It seems safe to say that Beethoven worked on the Sonata in two stages, on the first two movements in 1817, on the third and fourth in 1818. We know from one of his sketchbooks that the main theme of the opening movement, setting the words “Vivat vivat Rudolphus!”, had been intended to form a choral homage to the archduke Rudolph (who became the Sonata’s dedicatee), but that the project came to nothing, as the composer wrote to him in 1819:
Two more pieces have added themselves to the two I wrote for Your Imperial Highness’s name-day, of which the last is a grand fugato. The whole thing thus makes a grand sonata, which will soon appear, and which has been intended from my heart for a long time for Y.I.H. For this, Y.I.H.’s latest event has been to a not inconsiderable degree responsible.
The “event” referred to was Rudolph’s elevation to the position of archbishop of Olmütz, occasion for which Beethoven would compose his Missa solemnis (but not in time, alas, for the consecration of 1820).
This may partly explain a certain imbalance to the Sonata, which maintains a traditional four-movement structure, but with its “weight” projected unremittingly towards its second part, where the final two movements generally last for not less than half an hour. Nor is the key of B flat major insignificant: it was a key that Beethoven associated with an expression of luminous grandeur, as opposed to that of B minor, a “black key” (H-moll schwarzer Tonart), as we find scribbled in a sketchbook of 1815. More than once, particularly in the first two movements, he opposes the note of B flat to that of B natural, underlining their opposition with belligerence. And the interval of a third, generally in a descending motion, is omnipresent, characterising much of the Sonata’s thematic material, along with its harmonic progressions.
The exuberant opening Allegro, in sonata-form, is introduced by a fearful jump for the right hand and is followed by an energetic Scherzo – and a chaotic central Presto – which, in its parodic coda, renders explicit the opposition between B flat and B natural.
The transition to the transcendence of the following Adagio sostenuto, in a rocking 6/8 rhythm and a totally unexpected F sharp minor, could not be more abrupt. We are transported into a completely different world, where the ornate second theme is worthy of Bellini’s most intense “bel canto”, transformed in the final episode by reassuring modulations to F sharp major and D major.
But again Beethoven takes us by complete surprise. Without a break, an extraordinary “recitative” passage – a foreshadowing of the 9th Symphony – leads us into the final Allegro risoluto, a violent Fugue introduced by a trill after the wild leap of a tenth, a foreshadowing in its turn of the Grosse Fuge of the op. 130 string quartet. Fuga a tre voci, con alcune licenze, as Beethoven noted with a certain euphemism, when in fact the theme is the object of counterpoint’s most complex and academic forms, amongst them augmentation, inversion, retrograde and stretto. The movement could only end with another characteristic of his late style, a liberating storm of double and triple trills.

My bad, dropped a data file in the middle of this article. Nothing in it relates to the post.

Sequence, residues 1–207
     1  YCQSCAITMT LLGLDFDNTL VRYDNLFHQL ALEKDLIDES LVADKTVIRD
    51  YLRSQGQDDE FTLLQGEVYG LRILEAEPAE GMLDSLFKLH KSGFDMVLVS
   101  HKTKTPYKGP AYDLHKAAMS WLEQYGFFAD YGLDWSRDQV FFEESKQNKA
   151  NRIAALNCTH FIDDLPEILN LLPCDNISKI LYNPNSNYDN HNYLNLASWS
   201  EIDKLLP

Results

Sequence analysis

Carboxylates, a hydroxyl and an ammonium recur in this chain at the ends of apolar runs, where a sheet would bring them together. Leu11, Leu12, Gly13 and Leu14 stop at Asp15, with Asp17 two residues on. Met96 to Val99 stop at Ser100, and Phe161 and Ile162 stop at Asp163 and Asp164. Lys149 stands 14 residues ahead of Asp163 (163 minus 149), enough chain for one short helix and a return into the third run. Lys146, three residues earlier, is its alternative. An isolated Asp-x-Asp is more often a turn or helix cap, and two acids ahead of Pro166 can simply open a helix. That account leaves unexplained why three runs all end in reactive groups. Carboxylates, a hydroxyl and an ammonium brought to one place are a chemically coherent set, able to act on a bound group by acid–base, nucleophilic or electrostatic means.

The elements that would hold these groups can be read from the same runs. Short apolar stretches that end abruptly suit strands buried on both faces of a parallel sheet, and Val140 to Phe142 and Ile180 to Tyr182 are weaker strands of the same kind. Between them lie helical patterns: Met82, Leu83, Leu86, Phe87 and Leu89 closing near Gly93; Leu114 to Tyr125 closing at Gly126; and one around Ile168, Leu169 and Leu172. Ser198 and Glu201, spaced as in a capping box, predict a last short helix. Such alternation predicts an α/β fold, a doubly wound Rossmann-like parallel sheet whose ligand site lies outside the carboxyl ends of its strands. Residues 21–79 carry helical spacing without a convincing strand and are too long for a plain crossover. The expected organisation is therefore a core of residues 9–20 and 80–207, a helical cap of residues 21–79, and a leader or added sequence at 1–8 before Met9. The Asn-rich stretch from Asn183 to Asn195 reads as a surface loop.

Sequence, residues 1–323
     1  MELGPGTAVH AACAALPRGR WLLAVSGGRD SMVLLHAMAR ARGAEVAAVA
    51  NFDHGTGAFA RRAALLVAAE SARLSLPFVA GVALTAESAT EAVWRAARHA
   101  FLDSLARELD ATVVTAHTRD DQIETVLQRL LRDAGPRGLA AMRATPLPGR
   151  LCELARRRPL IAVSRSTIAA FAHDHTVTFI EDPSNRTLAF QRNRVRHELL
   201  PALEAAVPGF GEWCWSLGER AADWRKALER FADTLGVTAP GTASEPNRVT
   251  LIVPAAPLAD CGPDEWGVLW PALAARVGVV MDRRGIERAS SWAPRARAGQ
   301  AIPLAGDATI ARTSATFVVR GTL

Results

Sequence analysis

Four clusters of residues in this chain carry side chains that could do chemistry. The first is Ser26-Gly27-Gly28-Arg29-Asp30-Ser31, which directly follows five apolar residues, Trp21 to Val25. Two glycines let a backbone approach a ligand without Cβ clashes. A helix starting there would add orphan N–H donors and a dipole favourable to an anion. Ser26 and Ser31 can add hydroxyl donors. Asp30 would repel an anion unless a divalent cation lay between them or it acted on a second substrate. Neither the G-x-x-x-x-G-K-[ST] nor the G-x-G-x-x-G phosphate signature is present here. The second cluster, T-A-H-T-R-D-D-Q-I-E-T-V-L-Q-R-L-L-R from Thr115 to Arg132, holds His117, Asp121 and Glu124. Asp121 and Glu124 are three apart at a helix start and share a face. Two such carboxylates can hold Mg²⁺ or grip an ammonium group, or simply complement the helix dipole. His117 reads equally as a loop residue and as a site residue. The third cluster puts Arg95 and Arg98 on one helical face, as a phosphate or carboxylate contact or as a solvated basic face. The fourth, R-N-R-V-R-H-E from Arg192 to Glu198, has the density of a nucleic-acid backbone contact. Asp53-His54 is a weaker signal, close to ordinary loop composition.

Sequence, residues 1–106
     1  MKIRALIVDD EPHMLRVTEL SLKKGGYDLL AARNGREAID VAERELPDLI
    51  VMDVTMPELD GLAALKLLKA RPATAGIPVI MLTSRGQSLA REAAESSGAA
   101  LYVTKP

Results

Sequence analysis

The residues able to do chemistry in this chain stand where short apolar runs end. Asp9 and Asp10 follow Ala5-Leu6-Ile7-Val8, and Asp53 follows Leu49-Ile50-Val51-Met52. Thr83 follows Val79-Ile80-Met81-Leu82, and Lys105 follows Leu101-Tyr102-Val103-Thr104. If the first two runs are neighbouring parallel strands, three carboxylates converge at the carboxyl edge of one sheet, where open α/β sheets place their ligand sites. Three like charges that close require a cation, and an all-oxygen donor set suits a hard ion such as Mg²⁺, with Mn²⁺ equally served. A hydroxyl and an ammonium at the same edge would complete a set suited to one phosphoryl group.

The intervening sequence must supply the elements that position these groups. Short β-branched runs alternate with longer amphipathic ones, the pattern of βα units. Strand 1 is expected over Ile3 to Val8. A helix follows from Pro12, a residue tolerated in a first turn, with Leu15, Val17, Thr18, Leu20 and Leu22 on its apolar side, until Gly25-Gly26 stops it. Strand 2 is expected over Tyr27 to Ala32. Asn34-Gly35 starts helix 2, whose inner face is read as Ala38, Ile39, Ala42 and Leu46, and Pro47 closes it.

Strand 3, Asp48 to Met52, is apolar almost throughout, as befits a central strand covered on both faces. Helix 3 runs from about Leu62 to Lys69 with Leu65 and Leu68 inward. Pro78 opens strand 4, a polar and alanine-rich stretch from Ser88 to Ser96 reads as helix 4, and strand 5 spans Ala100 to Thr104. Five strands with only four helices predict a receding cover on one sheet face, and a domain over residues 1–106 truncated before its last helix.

As in the case of the “Waldstein” Sonata, a last word should be said about the instrument with which, despite his almost total deafness, Beethoven prepared to assault an unsuspecting listener. The instrument was a generous gift from the London-based builder Thomas Broadwood, that gave great satisfaction to the composer with its more robust and reinforced frame; its larger keyboard register, which now extended over 6 octaves (CC-c4), a fourth lower than its Viennese counterpart); and last but not least, a pair of sophisticated pedals, of which the “soft” pedal (una corda) could be applied independently either to the upper half or to the lower half of the keyboard.
Beethoven had yet to receive the instrument when he thanked Broadwood profusely: “I shall look upon it as an altar upon which I shall place the most beautiful offerings of my spirit [les plus belles offrandes de mon Esprit] to the divine Apollo”. A promise that he maintained, but at the expense of giving a battering to the instrument (today conserved, thanks to Franz Liszt, in Budapest’s National Museum). The London-based harp maker Johann Stumpf, visiting Beethoven in 1824, remained aghast: “As I opened it, what a spectacle offered itself to my view! There was no sound left in the treble and broken strings were mixed up like a thorn bush in a gale”. Creation comes into being only at a great cost, and after the Arietta of the Sonata op. 111 there could only be silence.
Beethoven’s studio three days after his death in March 1827, watercolour by Johann Nepomuk Hoechle